1) Take a few minutes every day clean up the house. My house is generally kept pretty clean at the moment because I work part time, but even on days that I'm busy I try to pick up after myself. It doesn't always work out, but if I can at least keep the kitchen, the bathroom and the living room clean and tidy it makes spur-of-the-moment invites much easier. I hate that moment when you're arriving home with unexpected guests frantically thinking "did I pick up my PJs from the bathroom floor this morning?!".

2) Keep food in the freezer
A few days ago I put aside a whole day to re-stock my freezer. I made two fish pies, eight portions of cottage pie, an apple crumble and a cake. I also try and keep a packet of soup in my cupboard, and some dry ingredients for a meal ready in my cupboards. I'm not always prepared and it's not the end of the world if I have to nip out and buy a pizza but if I know I have good homemade food available at home I'm more relaxed about inviting people back.

Practicing hospitality is going to look different for each one of us. It could be giving food to a homeless person, hosting your bible study group one week or inviting a new member of your church back for dinner. If you can't cook then why not invite someone out to a cafe for lunch?
God is challenging me to listen to him daily about how I can love other people more, and to take steps to make sure I actually follow through with his commands. What is he telling you to do today?

Quick Questions
1. Do you feel like hospitality is one of your gifts?
2. How do you most appreciated when you visit someone elses home?
3. How are you practicing hospitality at the moment?

2 comments:

  1. Great post!

    Hospitality is not one of my gifts but it is an area I have greatly grown in over the years. For me though it's not about the food at all. It's about being present and giving from the heart. I love to visit with friends and have conversations that go well beyond the surface. And I've often done last minute invites and we've ended up having peanut butter and jelly but that was ok. :)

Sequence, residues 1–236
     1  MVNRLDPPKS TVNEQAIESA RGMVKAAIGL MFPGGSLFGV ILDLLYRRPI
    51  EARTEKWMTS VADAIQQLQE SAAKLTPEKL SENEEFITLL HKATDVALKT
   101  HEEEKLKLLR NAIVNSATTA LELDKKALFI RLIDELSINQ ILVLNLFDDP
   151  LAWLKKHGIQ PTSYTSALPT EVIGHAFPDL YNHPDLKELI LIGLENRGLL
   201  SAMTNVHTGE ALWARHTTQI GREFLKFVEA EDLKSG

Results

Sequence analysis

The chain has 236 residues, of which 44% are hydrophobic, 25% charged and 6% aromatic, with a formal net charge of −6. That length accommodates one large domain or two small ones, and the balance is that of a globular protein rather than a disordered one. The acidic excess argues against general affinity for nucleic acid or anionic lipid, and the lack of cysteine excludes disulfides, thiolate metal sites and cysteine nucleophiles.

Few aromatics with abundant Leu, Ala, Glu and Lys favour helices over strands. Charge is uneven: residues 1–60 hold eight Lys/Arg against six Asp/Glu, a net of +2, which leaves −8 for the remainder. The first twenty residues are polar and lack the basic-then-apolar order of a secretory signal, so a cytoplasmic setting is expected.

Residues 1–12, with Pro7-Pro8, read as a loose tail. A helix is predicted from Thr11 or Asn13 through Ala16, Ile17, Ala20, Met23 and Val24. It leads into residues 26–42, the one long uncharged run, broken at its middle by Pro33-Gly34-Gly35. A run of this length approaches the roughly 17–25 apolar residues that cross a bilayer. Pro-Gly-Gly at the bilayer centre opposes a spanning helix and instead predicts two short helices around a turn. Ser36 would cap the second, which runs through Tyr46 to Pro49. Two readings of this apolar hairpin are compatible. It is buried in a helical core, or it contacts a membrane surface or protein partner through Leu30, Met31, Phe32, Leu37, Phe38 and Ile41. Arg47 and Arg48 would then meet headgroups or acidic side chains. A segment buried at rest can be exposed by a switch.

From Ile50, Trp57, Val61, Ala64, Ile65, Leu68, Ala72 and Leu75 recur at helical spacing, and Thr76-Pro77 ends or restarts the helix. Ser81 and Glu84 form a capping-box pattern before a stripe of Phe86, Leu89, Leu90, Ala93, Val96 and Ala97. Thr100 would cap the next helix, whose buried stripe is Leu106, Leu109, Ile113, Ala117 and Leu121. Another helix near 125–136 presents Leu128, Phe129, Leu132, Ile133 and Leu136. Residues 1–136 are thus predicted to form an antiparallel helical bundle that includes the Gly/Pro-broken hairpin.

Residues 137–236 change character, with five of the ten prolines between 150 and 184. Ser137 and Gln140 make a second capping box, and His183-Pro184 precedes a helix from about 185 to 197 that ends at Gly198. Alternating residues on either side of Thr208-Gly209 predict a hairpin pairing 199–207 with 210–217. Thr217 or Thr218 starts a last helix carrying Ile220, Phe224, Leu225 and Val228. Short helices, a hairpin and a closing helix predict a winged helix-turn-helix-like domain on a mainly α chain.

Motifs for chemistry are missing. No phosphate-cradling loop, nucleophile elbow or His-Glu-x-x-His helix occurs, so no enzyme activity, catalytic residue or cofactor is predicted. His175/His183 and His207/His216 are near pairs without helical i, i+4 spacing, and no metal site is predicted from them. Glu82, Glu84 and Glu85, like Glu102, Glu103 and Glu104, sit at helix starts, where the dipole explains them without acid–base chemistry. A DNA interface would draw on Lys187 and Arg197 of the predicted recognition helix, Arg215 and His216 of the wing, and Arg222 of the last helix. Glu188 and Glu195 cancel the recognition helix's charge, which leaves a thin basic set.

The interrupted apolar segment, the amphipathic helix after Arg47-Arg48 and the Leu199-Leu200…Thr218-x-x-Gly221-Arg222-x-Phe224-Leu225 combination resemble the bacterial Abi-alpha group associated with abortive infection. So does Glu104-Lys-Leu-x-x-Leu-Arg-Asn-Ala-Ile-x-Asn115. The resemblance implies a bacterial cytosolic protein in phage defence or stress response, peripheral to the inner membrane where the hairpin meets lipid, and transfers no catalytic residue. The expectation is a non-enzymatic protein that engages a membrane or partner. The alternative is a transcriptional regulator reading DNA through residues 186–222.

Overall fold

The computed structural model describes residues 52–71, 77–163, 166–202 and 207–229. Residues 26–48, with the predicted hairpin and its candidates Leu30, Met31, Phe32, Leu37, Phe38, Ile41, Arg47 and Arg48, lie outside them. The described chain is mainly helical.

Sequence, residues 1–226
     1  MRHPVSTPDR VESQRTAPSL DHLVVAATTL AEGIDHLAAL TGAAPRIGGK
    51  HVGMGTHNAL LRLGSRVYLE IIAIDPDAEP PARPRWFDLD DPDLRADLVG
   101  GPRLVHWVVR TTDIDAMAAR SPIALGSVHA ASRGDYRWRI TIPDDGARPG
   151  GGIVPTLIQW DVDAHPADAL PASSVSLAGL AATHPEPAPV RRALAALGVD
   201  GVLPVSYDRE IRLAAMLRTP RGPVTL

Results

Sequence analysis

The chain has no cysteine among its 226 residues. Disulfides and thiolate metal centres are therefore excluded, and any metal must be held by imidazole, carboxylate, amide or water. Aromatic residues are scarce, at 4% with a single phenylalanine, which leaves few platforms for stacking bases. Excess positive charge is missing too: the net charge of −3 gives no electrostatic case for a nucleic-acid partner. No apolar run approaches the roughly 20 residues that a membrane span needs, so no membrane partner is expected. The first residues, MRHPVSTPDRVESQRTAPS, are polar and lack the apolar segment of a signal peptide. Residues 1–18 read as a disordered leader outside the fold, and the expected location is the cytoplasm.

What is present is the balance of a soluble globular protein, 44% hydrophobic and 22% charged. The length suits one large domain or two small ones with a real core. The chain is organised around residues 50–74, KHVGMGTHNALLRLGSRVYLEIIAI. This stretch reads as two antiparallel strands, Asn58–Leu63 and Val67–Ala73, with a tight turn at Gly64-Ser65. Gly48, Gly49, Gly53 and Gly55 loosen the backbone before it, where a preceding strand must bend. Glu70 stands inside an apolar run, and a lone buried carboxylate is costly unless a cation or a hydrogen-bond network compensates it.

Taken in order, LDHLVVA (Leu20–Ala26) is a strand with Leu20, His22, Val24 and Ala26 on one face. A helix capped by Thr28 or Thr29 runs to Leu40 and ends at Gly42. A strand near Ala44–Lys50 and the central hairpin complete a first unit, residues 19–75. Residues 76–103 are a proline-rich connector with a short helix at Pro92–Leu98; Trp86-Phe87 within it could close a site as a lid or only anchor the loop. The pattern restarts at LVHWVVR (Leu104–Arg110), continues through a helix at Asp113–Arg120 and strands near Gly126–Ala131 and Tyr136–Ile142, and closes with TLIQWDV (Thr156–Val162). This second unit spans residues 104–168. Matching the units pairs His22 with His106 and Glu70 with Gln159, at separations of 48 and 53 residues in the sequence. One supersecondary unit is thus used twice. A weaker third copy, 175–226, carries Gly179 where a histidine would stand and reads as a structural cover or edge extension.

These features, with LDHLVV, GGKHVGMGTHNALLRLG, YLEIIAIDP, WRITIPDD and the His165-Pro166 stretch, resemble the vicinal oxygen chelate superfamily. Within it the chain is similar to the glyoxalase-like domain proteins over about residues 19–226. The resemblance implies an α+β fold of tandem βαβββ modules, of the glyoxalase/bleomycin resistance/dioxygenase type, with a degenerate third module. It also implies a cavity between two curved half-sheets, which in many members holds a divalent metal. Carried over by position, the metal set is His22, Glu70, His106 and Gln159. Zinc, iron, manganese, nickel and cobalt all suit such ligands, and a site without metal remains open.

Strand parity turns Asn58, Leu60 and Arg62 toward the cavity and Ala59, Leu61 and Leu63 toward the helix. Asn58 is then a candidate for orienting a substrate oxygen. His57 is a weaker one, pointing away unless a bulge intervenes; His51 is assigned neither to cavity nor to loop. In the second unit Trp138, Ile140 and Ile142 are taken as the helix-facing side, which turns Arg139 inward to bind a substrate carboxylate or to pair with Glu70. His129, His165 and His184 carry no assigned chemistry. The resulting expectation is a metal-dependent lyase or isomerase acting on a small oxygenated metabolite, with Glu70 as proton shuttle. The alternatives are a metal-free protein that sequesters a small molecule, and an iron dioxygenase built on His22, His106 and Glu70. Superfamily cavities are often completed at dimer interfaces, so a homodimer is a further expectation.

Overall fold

(I like your idea of having food in the freezer. Now, if I could just find the motivation to do a day of cooking and have that done!)

    ReplyDelete
  2. Wow. I just stumbled upon it looking for some guidance on what true hospitality might look like. I feel I have a gift for it, but it is not taught anymore, so I was looking for ways to do it more efficiently. What a great read.

    At the moment, I love to invite people over, and my one goal for entertaining is always to make my home a 'safe place' for people and their children to be themselves. My house is well 'kid proofed' so that parents of rowdy children can feel more at ease. For the same reason, my downstairs is kept tidy, but not too clean, because I want to make it feel cozy and lived in, and also so that company feels comfortable enough to make a mess too. I like to cook and talk and eat with company. I love to use that time to build people up and provide my ears for a good listen.

    But one of my favorite things, I like to leave the last few chores for when the company has arrived, so I can invite them into my work and life and they can have the option of participating. Some of my best friendships have been formed working side by side with someone at a similar purpose/goal.

    What I took away from your post: freezer meals. Why have I not thought of this before. Because I don't always have a big enough meal planned for extra company. To have multiples of the same meal frozen, I could make a considerable amount, depending on the size of the party. Good tips!!! Thanks so much!

    ReplyDelete